Nussle in The Hill: Lax merchant standards obstruct cybersecurity innovation
WASHINGTON (10/5/15)--The interdependency of the payments system leaves financial institutions that dedicate numerous resources to security at the mercy of merchants who often don’t make those efforts, CUNA President/CEO Jim Nussle wrote in The Hill last week. Nussle’s op-ed was written in response to a retailer op-ed on the state of the payments industry.
“The truth is, the electronic payments system is interdependent, and while the financial services industry has spent billions of dollars developing new technologies, they can only be so effective if merchants refuse to adopt, or even acknowledge, those technologies,” Nussle wrote.
Nussle went on to note how Europay/MasterCard/Visa (EMV)card technology, which was the subject of a liability shift starting Oct. 1, brings one-time authentication and other features into play to keep consumer information safe.
“However (and this will be a recurring theme) this only works if merchants activate the chip readers at the point of sale. Merchants’ own surveys show that almost 50% of merchants are choosing to not adopt the new technology,” Nussle wrote. “We applaud the merchants that do turn on their chip readers as they will not only protect consumers, they will also have minimalized their liability exposure if someone uses a lost, stolen or counterfeit card at their store.”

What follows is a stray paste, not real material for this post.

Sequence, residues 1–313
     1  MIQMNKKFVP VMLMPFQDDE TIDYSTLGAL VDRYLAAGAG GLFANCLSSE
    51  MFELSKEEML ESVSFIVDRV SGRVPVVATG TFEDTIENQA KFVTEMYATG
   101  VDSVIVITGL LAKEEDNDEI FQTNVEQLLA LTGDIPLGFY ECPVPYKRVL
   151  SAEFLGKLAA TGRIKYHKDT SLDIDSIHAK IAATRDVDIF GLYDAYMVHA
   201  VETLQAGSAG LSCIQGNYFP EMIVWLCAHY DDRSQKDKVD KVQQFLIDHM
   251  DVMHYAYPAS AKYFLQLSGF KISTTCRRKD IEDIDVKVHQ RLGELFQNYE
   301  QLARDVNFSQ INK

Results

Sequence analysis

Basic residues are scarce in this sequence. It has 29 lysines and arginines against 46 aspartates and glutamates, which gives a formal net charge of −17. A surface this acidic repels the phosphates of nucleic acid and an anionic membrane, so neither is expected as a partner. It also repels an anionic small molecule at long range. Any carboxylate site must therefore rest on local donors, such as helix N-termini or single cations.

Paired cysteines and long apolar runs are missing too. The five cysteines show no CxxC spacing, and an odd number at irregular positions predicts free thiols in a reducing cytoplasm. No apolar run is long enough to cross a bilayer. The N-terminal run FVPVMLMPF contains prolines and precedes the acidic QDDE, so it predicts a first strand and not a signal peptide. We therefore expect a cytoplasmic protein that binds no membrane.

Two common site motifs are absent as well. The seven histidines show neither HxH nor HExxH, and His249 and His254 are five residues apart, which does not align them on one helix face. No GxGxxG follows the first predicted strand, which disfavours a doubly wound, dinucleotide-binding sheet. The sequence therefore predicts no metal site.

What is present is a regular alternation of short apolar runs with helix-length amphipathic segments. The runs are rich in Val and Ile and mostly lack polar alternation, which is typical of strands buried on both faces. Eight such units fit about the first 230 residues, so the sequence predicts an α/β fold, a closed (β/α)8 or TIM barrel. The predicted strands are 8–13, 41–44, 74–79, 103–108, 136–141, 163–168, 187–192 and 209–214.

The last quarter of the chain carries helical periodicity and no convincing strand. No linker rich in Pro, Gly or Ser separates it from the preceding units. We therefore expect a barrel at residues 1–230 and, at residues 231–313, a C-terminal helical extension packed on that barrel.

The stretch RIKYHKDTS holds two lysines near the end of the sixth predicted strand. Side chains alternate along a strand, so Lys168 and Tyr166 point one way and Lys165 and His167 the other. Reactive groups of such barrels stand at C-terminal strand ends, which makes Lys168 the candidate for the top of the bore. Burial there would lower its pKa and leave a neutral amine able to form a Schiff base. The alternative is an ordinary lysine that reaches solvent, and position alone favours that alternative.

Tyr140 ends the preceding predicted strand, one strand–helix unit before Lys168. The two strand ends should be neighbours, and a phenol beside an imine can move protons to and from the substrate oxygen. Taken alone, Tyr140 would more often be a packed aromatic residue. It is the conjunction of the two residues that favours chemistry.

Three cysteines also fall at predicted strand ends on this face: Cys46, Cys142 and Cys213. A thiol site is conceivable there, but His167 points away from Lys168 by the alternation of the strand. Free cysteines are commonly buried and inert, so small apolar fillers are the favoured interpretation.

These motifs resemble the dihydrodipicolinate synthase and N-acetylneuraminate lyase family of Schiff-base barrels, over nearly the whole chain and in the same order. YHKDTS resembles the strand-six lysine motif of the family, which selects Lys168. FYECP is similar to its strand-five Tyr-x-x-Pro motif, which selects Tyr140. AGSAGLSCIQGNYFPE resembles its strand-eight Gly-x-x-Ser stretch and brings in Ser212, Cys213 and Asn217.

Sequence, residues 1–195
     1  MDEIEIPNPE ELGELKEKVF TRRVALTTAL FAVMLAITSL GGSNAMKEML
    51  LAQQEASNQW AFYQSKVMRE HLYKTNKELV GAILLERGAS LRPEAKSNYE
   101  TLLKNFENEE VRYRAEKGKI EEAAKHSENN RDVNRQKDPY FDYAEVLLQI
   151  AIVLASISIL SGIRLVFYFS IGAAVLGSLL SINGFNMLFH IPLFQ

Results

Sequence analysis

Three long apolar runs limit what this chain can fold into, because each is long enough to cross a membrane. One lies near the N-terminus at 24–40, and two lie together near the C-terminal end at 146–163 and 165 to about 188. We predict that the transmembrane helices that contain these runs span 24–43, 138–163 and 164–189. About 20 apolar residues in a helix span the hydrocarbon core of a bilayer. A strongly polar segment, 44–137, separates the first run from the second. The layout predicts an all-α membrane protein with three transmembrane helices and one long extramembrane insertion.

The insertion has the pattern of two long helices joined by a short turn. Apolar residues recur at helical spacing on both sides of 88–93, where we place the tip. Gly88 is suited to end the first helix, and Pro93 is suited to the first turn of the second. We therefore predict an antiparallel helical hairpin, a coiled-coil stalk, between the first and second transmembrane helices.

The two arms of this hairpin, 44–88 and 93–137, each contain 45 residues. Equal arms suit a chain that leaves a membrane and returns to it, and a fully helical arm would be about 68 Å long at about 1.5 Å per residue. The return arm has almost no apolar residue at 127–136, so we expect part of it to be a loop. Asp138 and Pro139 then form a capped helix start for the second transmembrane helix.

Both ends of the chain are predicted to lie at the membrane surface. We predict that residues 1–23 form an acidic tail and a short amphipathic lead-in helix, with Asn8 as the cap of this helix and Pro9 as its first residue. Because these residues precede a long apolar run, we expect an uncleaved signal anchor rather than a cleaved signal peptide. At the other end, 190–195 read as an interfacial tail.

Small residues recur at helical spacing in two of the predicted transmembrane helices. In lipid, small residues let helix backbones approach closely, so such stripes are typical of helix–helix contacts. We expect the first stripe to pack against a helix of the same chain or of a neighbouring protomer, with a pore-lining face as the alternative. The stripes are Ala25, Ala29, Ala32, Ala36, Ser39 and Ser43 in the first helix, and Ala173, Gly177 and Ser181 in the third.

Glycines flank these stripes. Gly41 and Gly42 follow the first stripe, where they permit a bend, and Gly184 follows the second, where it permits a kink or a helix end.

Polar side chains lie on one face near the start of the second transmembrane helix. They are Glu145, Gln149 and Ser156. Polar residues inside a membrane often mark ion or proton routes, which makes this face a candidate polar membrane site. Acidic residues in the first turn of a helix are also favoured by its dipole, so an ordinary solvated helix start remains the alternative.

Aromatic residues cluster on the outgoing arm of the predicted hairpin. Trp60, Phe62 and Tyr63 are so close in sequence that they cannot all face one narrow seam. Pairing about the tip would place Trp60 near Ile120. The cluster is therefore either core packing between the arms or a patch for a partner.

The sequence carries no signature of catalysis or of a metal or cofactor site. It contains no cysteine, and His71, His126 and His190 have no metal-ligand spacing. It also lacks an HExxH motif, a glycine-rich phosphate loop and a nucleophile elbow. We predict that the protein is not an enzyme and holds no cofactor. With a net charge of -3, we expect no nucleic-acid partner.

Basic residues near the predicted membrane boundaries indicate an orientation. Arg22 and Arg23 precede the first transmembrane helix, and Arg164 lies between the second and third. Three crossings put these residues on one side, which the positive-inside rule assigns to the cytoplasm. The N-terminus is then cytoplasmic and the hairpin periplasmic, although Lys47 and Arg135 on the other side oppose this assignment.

Nussle noted three other security methods that can help keep consumer data secure, if properly used by all parties:
Tokenization, which masks sensitive data with “tokens” that have no resemblance to the data they carry;
Point-to-point encryption, which encrypts account data from point-of-sale to a secure point of decryption; and
- Basic security, such as the standards set in the Gramm-Leach-Bliley Act for financial institutions.
“In the end, innovation is happening and it is enhancing the payment system millions of Americans use to complete purchases every day. The financial services industry is committed to driving this innovation forward, constantly looking for ways to keep customers’ information safe and secure,” Nussle wrote.
“But, we can’t go it alone. We need merchant trade associations to stop trying to halt progress and instead work with us to help everyone--merchants, banks and networks--to implement a new and better solution that will protect consumers and reduce data breaches.”